District

An article in "THE Journal" titled "Making Virtual Reality a Reality in Today's Classrooms" prominently features the Fitchburg Public Schools and our ideas and methods for incorporating immersive education into our curriculum!

"Our district demographics are challenging," (FPS Assistant Superintendent Paula) Giaquinto explained. "We are an urban district in north central Massachusetts. Even though we are less than an hour from the ocean, many students have never been to the beach." These virtual field trips have brought Fitchburg students to the desert, the rainforest and the tundra to experience the Northern Lights.

Ms. Giaquinto recounts a story about a class who was viewing the YouTube movie Elephants on the Brink after reading parts of the novel A Long Walk to Water. "One child was so engrossed in the video experience that, when someone went by and brushed their shoulder, the child exclaimed 'the elephant touched me!' — these experiences are absolutely immersive."

Click here to read more of this exciting story!

This is not your ordinary sandbox.

The students at South Street Elementary School have been in awe of the Augmented Reality Sandbox, which was officially introduced by Fitchburg Public Schools in November.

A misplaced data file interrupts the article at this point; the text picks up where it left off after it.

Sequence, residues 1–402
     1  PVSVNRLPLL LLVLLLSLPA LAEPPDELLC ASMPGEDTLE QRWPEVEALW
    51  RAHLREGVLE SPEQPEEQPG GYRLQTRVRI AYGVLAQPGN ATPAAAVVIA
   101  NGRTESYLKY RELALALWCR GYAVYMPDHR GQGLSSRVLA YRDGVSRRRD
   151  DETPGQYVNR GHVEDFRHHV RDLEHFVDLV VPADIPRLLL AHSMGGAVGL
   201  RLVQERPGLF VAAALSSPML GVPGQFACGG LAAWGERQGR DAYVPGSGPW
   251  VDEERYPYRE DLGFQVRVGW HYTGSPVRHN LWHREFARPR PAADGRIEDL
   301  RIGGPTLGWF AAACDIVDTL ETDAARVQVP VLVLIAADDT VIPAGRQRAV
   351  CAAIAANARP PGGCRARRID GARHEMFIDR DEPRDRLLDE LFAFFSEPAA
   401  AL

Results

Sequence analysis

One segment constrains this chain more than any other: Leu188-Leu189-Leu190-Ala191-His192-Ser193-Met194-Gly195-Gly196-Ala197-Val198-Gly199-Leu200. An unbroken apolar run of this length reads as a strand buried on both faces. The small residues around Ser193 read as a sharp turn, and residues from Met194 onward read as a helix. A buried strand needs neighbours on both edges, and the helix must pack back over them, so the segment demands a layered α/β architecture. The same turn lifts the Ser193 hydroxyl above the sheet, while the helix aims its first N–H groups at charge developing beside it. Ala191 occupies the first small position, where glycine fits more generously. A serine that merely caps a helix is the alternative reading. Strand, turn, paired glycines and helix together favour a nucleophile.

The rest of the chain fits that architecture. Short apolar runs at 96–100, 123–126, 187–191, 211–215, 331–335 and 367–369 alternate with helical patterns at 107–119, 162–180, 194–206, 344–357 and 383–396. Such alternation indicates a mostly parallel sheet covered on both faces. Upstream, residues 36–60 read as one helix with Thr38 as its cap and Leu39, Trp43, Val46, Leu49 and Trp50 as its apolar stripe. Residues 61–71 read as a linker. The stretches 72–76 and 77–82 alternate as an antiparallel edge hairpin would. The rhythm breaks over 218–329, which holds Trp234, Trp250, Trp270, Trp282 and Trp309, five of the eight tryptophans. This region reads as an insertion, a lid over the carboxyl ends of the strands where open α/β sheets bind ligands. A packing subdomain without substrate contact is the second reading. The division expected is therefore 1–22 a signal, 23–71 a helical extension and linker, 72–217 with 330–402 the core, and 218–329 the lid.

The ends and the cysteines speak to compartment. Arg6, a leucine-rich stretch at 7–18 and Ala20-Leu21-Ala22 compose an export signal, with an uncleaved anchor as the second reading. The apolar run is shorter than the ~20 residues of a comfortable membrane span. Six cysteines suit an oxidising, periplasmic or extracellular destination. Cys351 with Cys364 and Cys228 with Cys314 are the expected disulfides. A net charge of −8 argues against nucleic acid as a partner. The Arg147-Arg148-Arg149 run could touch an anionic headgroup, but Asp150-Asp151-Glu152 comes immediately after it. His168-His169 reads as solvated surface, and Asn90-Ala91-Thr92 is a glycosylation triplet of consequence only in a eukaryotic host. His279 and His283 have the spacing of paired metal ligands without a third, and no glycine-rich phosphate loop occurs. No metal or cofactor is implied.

The sandbox -- a combination of a traditional sandbox, paired with a high-end gaming computer, digital projector and Xbox 360 Kinect camera -- work together to create an experience that allows students to manipulate and shape the sand and project a topographical overlay based on what they create.

The augmented reality (AR) sandbox allows users to create topography models by shaping real sand, which is then augmented in real time by an elevation color map, topographic contour lines, and simulated water. The system teaches geographic, geologic, and hydrologic concepts such as how to read a topography map, the meaning of contour lines, watersheds, catchment areas, levees, etc.

Read more here.

POP-UP LIBRARIES cure boredom!

Next time families are stuck at the laundromat or waiting to be seated for dinner, they’ll likely have a box of books to read, thanks to School Committee member Sally Cragin and Assistant Superintendent Paula Giaquinto.

The two introduced the new POP-UP Library boxes at School Committee. The plastic bins will be placed in business around town – “mostly places the adults are busy with an adult task and the kids need something to do,” Giaquinto said. The mindset is that kids should have access to books wherever they are, especially when they have extra time on their hands.

Books will be marked with stickers and families will be asked to return them to the box before they leave. Volunteer “librarians” will oversee the maintenance and swapping of titles, with support from the district, which will supply the books. Restocking will occur every eight weeks.

Read more here.